YMMV ............ :cry:


Death is only ever postponed.
You raise an interesting question. I have never heard of studies of later dementia after lids have "saved" lives.
There must be some evidence of whether concussion can lead to dementia in later life, but I have no knowledge of that subject either.

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Re: "Helmets don't eliminate concussions" American Football

Postby pjclinch » 10 Sep 2019, 9:30pm

The utility cyclist wrote:The stats from at least one bit of research shows us that the pros are having more injuries in the helmet wearing era, what we know for sure is that there are more deaths per year in the helmet wearing era in the pro road cycling ranks and as I've said, that despite all the increases in safety on course, better brakes, grippier tyres, better handling bikes etc. So by definition helmets have had a detrimental affect to overall safety in the pro ranks


"at least one" really isn't good enough to draw conclusions.
"More deaths per year" on its own tells you very little.
So helmets are bad because they cause risk compensation, but you blithely assume that better brakes can only be a safety benefit, despite research showing ABS brakes cause drivers to brake later and harder and confer no safety benefit.

So if that's your "by definition" an open and shut case against helmets then the news here is you are not very good at evaluating research.

The utility cyclist wrote:the number of crashes now even in amateur racing and indeed the club run (oh and also non cat organised races, sorry, sportif's :roll: ) is absolutely ridiculous. people keep denying what is actually happening and don't want to see how helmets have had a very real negative effect on injuries


Again, you persist in laying all the blame at one door despite other potential confounding factors. For example, with the rise of the born-again MAMIL you get a lot more relatively inexperienced riders in Chain Gangs who don't have the smarts and group riding skills for the job, so that might be a factor. As might be the aforementioned bike improvements which are also an area where risk compensation can cause problems, but you ignore all this and assume it must be all about helmets.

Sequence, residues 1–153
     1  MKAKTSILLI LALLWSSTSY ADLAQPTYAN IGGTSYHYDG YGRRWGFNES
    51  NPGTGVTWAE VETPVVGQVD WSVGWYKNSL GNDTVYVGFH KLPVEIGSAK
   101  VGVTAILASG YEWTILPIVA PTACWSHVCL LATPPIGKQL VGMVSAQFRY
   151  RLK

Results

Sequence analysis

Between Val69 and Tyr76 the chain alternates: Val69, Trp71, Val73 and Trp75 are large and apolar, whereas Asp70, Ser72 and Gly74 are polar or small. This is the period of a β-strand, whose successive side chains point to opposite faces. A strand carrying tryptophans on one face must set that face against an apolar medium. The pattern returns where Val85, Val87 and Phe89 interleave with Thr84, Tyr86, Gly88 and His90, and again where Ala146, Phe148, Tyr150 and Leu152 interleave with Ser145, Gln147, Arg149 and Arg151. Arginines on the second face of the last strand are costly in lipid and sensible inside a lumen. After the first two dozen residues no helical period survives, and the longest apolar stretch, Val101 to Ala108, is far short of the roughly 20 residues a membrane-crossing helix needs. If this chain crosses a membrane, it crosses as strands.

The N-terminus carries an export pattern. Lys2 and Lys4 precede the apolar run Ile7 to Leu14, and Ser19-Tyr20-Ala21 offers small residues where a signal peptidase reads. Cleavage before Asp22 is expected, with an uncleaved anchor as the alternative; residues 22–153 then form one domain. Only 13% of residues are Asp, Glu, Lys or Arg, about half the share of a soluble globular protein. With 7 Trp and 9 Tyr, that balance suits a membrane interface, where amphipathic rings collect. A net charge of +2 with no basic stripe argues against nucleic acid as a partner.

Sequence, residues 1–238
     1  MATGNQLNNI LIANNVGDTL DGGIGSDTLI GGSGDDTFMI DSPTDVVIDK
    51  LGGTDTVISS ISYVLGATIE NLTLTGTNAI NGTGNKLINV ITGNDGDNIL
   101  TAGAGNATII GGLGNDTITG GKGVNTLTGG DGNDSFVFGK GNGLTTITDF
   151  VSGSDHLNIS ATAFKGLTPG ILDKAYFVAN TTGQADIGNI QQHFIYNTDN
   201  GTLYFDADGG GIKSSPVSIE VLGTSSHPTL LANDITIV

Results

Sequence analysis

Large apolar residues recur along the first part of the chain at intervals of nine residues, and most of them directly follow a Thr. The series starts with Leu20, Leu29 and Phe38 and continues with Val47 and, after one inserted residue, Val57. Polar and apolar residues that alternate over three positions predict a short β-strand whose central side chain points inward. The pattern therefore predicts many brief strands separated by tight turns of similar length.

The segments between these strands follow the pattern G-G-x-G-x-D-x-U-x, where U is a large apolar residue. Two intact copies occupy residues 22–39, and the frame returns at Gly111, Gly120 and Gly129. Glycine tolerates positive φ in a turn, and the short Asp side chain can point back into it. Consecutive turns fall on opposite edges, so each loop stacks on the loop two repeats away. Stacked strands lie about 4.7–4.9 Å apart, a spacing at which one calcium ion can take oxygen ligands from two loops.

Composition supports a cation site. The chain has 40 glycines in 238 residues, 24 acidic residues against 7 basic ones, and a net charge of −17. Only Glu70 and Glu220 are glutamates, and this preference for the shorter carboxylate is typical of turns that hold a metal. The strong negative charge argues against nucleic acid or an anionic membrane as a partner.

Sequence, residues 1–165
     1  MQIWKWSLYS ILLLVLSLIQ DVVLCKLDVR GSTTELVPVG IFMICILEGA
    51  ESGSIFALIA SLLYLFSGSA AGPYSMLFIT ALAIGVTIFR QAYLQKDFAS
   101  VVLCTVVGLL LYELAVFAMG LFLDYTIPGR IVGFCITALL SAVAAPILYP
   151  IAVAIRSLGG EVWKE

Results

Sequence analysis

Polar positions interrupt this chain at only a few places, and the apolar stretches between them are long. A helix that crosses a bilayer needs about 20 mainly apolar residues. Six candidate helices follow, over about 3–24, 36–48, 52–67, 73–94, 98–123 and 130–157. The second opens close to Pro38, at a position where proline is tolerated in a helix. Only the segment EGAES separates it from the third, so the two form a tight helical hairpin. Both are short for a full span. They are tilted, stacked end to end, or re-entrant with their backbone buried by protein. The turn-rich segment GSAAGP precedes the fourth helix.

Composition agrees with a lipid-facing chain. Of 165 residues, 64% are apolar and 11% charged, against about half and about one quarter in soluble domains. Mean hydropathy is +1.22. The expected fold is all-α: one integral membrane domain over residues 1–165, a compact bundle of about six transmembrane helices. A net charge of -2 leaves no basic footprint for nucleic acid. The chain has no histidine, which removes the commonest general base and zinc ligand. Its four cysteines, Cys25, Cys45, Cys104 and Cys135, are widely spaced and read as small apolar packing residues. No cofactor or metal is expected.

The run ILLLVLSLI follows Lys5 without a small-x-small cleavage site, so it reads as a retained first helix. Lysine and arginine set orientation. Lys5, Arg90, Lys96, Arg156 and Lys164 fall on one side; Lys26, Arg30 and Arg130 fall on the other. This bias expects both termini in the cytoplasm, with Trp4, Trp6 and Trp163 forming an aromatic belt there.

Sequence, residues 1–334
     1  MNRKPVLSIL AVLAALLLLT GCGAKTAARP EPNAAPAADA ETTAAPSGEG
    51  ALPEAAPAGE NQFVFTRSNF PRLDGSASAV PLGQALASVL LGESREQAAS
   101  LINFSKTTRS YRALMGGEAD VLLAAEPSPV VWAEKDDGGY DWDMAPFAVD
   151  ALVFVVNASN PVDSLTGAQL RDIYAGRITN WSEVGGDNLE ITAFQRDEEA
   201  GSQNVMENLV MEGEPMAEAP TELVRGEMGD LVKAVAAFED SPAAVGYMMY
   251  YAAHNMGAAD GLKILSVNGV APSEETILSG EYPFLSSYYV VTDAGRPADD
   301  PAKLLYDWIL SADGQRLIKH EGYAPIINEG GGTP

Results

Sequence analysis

The utility cyclist wrote:PJCLINCH, if you can't see the relevancy then that's your problem, maybe get someone who does 'get it' explain it to you because it's all very relevant


Let's try, say, David Spiegelhalter, Winton Prof. of Public Understanding of Risk, who says it's as clear as mud, and that research and conclusions from it are contentious. But what would he know?

The utility cyclist wrote:It doesn't matter if I do/do not do a particular activity, human beings react/act the same and the outcomes are the same when 'safety' attire is worn in all activities not just sport, we don't just see it visually but we see it in the data as well.


And yet acknowledged risk experts like Spiegelhalter and Adams suggest it's all actually pretty murky, and you say it's clear cut. So write papers and I'll be happy to read them in the scientific literature (because science is a big chunk of my day job, and I have the skills and resources to evaluate it) and see if you really know what you're on about.

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Re: "Helmets don't eliminate concussions" American Football

Postby pjclinch » 10 Sep 2019, 9:38pm

mattheus wrote:
pjclinch wrote:

In the same way, helmets enable racing cyclists to descend faster at the same risk level.